A New Medication Culture to Reduce Medication Errors. A pharmacist’s view

With researchers from the Universities of York, Manchester and Sheffield recently publishing a report which reveals a strikingly high incidence of medication errors in the NHS, leading commentators and the government have focused their attention on the issue. Although technology is a key factor in helping reduce the incidence of this type of error, Health and Social Care Secretary Jeremy Hunt has called-out the need for ‘teamwork and communication’, a combination that we at BD would argue is critical to ensuring patient safety.  

At BD we’ve been campaigning to bring the right level of attention to patient safety across a variety of adverse events including medication errors. In fact, studies show that 18.7% – 56% of all adverse events among hospitalized patients result from preventable medication errors. Typically medication errors take place at the prescription, dispensing and administration stages.

A number of studies show that IV administration is a frequent contributor to medication errors and injuries that result from them, making this a key process to focus on for improvement. Increased automation of processes at the administration stage can also play a critical role helping reduce dose error reduction via closed-loop solutions combining an updated and extensive drug library, infusion analytics, enterprise management software and patient-centred clinical services. At the preparation phase, standardising workflow through an integrated, fully traceable gravimetric solution helps not only avoid error, but perform more accurate audits.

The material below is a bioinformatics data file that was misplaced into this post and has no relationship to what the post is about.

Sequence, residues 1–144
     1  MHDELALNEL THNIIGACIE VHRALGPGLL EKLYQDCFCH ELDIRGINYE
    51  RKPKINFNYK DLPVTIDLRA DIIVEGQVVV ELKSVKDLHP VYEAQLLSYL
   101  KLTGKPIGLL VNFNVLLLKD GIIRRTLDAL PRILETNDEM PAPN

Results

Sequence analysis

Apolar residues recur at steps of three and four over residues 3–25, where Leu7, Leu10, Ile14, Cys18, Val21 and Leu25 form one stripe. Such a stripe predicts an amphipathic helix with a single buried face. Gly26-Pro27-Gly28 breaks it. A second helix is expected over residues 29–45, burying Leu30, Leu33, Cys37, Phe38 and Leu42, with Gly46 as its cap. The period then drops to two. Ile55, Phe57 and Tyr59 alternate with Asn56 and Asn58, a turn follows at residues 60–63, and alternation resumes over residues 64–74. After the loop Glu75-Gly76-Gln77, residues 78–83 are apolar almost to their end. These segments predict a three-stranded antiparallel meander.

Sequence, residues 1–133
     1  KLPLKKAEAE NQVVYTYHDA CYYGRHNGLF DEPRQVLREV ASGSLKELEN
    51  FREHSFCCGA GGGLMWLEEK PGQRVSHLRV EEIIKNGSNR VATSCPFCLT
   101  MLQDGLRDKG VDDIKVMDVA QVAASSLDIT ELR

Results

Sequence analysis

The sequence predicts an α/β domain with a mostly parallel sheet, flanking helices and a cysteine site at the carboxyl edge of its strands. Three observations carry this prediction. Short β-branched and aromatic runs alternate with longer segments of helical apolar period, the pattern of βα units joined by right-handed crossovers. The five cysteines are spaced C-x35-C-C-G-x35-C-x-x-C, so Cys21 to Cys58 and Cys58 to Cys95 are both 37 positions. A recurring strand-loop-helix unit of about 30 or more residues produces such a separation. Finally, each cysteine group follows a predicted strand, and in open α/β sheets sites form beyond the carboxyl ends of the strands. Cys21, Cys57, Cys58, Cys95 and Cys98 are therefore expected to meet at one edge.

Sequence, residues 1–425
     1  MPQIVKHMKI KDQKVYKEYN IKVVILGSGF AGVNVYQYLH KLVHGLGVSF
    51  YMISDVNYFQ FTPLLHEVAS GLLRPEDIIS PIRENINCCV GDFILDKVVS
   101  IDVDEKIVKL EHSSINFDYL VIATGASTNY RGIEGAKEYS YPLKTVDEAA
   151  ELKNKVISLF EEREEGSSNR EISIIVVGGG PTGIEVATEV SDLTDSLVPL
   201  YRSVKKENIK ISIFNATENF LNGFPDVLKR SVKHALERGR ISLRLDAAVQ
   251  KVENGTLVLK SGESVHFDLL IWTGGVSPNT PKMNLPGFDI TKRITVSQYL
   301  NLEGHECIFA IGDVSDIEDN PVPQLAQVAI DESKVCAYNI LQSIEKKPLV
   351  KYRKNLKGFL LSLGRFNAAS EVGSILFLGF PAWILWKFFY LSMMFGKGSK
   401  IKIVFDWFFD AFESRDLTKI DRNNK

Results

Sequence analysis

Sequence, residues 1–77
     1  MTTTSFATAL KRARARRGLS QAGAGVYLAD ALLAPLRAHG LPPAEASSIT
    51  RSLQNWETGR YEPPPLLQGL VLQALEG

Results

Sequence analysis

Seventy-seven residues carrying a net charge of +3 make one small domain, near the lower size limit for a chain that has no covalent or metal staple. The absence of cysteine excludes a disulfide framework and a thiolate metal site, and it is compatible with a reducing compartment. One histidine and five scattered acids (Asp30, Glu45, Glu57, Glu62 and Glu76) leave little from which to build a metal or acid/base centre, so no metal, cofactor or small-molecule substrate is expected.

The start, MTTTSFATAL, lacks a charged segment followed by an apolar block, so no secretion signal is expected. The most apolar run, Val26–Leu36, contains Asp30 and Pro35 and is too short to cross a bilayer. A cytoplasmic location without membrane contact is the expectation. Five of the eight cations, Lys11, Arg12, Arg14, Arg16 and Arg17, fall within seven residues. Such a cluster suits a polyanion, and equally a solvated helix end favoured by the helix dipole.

Dispensing stage errors are also frequent and under-reported, meaning their incidence could indeed be much higher than we think. Typically these errors are due to human error such as confusing look-alike packaging or sound-alikes, high pharmacy workloads, low staff numbers, staff inexperience, and rushing to complete tasks. Automation in the pharmacy and the ward can also prove instrumental at the dispensing stage, helping staff locate the right drug, in the right dosage at the right time, promoting greater safety, but also general efficiency.

Finally, although prescription errors are less frequent they are also under increased scrutiny with e-prescribing solutions providing a helpful tool. Automated and standardised physician planning solutions – such as e-prescription systems – can be applied to help reduce prescription errors especially when these caused by inaccuracies resulting from staff shortages and lack of time.

While specific processes require particular attention the over-arching requirement is that of establishing a culture of patient safety: the entire medication management process needs to be optimised and while technology will play a critical role, the human element is critical to its success. Training, but also informal activities such as ward-walks and interviews with nursing and pharmacy staff, play a critical role in supporting hospitals to manage risk alongside the implementation of automation and technology.

The implementation of a holistic patient safety culture and automation also critically enables the achievement of ‘The Five Rights of Medication Administration’ as set out by the Institute of Healthcare Improvement, which recommends that to reduce medication error and harm it is necessary to keep in mind the following: the right drug administered to the right patient, at the right dose, via the right route and at the right time.

It’s therefore clear that engaging in innovation isn’t just about purchasing new technology, but also means understanding the potential benefits it can bring when combined with training and engaging staff so they are enabled to ensure that patient safety is promoted across the board.

Dipak Duggal, MRPharms, MBA, Director Global Solutions & Marketing at BD (Becton, Dickinson and Company) Dispensing Hospital International


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